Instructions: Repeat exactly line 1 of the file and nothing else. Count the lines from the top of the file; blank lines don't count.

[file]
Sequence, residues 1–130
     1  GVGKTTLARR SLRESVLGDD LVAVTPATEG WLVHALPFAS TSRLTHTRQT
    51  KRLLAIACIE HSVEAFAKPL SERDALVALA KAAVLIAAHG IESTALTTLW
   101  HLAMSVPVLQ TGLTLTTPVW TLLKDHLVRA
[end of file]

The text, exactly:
Sequence, residues 1–130